However, reading the text from the viewpoint that Jesus is referring only to believers’ heavenly homeslimits the meaning of what Jesus is trying to convey.

The phrase: “Father’s house” continues to express the theme of hospitality[1]

begun with Jesus washing the feet of his disciples in chapter 13. Moreover, The Fourth Evangelist uses “dwell” as a metaphor for the relationship between Jesus and God.

The metaphors: “…I am in the Father and the Father is in me” and “…the Father who dwells in me” are expressed in verse 10. Here, Jesus is promising the disciples and the believers that they will share in that relationship. Jesus’ departure opens the door to new possibilitiesfor understanding and experiencing relationship with God.

godhouse2

“Don’t let this throw you. You trust God, don’t you? Trust me. There is plenty of room in my Father’s home. If that weren’t so, would I have told you that I’m on my way to get a room ready for you? And if I’m on my way to get your room ready, I’ll come back and get you so you can live where I live (Message, John 14:1-4).”

 

Jesus, through his death and resurrection, reconciled the world to God. If Jesus dwells in God and Jesus promises that we can live where he lives Then we too dwell in God. Not just in the future but NOW! What awesome news that is for us. God is SO big that there is room for everyone.

 

Jesus opened this section of the farewell speech saying: “Do not let your hearts be troubled. Believe in God, believe also in me (John 14:1).”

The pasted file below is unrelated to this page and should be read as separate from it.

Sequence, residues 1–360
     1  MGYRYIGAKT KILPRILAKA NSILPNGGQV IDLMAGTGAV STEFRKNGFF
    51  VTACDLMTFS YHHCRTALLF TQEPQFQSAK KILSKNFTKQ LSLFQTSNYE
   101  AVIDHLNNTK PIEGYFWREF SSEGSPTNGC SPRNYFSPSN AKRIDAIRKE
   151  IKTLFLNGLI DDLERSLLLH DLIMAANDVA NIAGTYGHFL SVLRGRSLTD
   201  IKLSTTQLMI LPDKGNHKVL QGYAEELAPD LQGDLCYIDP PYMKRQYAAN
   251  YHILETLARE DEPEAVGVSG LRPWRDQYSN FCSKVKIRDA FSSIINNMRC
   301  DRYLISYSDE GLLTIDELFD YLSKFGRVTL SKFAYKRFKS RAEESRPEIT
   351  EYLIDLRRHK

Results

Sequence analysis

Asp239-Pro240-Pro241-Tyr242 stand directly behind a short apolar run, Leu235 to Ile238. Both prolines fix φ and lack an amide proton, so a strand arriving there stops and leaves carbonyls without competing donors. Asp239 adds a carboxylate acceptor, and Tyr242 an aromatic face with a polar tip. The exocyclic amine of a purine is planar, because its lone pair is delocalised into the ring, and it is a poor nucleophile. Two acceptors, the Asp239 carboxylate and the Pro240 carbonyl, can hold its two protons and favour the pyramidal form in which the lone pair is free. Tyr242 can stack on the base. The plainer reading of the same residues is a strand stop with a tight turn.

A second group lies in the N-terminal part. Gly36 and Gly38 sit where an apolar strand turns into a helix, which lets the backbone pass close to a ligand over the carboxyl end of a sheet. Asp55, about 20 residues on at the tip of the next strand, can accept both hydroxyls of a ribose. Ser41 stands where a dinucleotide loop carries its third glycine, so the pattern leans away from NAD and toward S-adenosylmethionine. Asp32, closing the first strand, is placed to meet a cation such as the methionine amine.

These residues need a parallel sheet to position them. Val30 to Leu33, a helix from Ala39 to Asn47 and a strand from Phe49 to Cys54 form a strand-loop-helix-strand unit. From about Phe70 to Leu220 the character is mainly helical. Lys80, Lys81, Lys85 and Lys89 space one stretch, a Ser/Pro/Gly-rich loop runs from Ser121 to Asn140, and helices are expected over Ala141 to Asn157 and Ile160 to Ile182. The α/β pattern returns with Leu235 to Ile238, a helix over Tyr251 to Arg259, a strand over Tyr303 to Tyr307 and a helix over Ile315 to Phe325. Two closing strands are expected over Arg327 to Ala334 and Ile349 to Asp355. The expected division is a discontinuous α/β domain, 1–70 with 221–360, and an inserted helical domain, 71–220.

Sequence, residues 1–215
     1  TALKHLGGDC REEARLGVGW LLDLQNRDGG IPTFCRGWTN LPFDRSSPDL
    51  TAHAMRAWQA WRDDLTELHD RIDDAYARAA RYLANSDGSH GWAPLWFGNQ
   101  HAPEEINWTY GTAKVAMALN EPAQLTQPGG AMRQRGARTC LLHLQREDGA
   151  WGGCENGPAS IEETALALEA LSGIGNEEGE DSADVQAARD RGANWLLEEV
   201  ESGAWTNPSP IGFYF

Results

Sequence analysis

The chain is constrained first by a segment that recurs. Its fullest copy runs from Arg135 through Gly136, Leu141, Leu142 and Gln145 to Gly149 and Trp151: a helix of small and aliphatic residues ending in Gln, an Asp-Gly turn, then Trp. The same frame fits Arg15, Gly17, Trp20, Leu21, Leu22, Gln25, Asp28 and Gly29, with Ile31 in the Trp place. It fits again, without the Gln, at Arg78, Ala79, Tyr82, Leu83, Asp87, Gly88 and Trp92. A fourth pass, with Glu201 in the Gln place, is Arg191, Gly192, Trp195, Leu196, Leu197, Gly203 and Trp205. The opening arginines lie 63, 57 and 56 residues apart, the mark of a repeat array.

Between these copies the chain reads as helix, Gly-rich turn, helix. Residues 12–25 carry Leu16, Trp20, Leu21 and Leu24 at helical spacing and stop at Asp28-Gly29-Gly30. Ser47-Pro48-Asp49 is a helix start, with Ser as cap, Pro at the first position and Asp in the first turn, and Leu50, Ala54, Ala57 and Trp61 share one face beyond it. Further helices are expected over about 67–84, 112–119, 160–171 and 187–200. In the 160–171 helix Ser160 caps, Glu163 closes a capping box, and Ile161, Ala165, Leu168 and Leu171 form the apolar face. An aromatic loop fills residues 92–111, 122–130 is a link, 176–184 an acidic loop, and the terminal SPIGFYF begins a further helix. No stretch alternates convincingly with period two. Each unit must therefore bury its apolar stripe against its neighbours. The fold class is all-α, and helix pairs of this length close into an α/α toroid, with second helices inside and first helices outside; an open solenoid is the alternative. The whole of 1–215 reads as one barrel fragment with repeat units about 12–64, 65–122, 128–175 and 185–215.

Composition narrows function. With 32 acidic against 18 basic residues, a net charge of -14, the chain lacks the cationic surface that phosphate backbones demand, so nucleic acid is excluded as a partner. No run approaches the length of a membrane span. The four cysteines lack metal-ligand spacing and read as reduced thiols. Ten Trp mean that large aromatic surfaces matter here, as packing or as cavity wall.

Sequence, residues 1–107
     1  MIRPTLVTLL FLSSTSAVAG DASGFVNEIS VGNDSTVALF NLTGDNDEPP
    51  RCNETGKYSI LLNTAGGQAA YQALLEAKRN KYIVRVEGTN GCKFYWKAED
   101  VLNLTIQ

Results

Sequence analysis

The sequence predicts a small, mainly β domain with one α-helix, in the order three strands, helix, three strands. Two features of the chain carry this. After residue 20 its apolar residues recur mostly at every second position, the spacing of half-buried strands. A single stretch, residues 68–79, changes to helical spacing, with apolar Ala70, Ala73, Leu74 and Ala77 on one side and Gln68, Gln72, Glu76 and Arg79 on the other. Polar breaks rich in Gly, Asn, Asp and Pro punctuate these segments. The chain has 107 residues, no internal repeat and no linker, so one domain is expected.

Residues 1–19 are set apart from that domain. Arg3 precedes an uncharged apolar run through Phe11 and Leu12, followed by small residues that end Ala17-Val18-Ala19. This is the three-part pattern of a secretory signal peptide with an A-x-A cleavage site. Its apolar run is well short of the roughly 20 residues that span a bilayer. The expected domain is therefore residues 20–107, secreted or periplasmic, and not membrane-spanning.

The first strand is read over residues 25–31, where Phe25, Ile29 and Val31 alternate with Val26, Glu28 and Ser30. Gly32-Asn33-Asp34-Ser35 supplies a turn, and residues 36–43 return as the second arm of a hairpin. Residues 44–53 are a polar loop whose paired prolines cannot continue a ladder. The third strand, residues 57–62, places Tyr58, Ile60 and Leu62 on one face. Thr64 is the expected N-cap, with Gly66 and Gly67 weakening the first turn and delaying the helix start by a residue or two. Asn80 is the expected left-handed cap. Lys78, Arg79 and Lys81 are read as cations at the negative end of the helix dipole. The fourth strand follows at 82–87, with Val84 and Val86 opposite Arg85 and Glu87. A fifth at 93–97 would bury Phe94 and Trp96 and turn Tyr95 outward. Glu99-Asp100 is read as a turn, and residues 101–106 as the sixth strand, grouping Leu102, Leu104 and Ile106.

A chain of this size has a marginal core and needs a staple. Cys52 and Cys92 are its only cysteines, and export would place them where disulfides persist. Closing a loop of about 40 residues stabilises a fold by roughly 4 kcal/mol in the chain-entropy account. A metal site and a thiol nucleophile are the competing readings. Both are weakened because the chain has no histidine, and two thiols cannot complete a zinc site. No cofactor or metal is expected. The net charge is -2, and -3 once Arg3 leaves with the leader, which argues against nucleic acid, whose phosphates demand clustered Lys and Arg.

So what would free our hearts from trouble- from distress, from agitation?

Jesus’ one answer in contrast to the world’s multitude of answers is simple.

Believe in God and Jesus. In other words stand strong and ground your faith in God.

Martin Luther says: “God is what you hang your heart upon.”[2]Hanging our heart on worldly things will not soothe a troubled heart.Jesus tells his disciples who are struggling with deep uncertainty, to hang their hearts on God and on him. God is strong enough and big enough to take on our troubled hearts. There is roominess in God. Room to dwell in God through our risen Savior, Jesus Christ.

We hear the words: “God is love (1John 4:8).” Jesus not only tells us of God’s love for us; but also pours God’s love out on and for US. God was revealed in Jesus Christ.

Through that revelation, Jesus tells us that God has not chosen to be God

WITHOUT US!

 

We have a dwelling place in God.That dwelling place is in the PRESENT not just in the future.

 

Our loving hopeful Easter message for this Sunday is: God will always have room for us.“Love never ends…(1 Corinthians 13:8).” God’s promise to love us, To make room for us to dwell in that love, Not only in the future But NOWwill never end!

 

In the greatest of hope and love, I offer my thoughts on a new way to understand “dwelling place”. Amen

 

 

[1] The New Interpreter’s Study Bible, New Revised Standard Version with Apochrypha, Abingdon Press, 2003, pg 1937.

[2] See Paul Lehmann’s discussion in The Decalogue and a Human Future (Grand

Rapids:Eerdmans, 1995)